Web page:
New Mexico's unemployment rate is down 7% in the first quarter to 6.5% as of June. And at PNM, we do continue to see modest customer growth.

Across the state line in Texas, TNMP continues to see growth because of the very strong economy there. As you know, last quarter we explained that the growth number was an anomaly and as a result, the second quarter number appears modest. However, year-to-date results reveal the actual consistent growth trend. The commercial class is up 6.5% and residential is up 2.5%, with an overall load growth at 4.1%. We expect that TNMP will come in at the upper end of its load forecast for the year, and we anticipate steady growth to continue through 2014 into 2015. The Texas unemployment rate dropped from 5.5% in the first quarter to 5.1% at the end of June.

Now let's go to Slide 6 for more details on the BART filing. We continue to work to obtain final approval for the revised, state implementation plan for our San Juan Generating Station. The plan is being reviewed by both the EPA and the New Mexico Public Regulation Commission. As noted last quarter, the EPA issued a proposed draft approval for the plan on April 30, and is expected to take final action by about September 29.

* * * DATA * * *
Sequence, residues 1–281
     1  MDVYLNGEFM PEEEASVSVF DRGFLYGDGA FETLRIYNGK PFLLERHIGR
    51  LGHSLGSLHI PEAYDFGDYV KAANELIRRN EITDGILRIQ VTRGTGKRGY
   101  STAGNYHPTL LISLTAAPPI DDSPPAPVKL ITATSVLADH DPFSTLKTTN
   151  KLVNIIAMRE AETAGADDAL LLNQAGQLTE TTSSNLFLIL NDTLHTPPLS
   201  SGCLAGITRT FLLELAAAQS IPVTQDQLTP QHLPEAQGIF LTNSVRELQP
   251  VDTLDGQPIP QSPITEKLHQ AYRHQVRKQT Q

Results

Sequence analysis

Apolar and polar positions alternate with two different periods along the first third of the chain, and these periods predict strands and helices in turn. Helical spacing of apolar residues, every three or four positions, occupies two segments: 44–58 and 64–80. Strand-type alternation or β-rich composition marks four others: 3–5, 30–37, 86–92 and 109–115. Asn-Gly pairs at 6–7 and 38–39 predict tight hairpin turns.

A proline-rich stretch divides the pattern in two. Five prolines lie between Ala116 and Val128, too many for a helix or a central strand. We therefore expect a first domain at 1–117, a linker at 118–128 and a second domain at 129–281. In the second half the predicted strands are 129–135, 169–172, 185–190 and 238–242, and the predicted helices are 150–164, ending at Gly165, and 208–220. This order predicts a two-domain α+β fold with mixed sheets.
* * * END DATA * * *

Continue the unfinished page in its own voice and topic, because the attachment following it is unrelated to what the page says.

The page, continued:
As I mentioned earlier, on July 15, PNM filed a nonbinding term sheet and resolution with the New Mexico Commission regarding restructuring the ownership of San Juan between the exiting owners and remaining owners and ongoing participation of the remaining owners. This means the company is proposing to assume 132 megawatts of power from unit 4, instead of the 78 megawatts originally proposed, but it does not change the originally fired -- filed replacement power plant.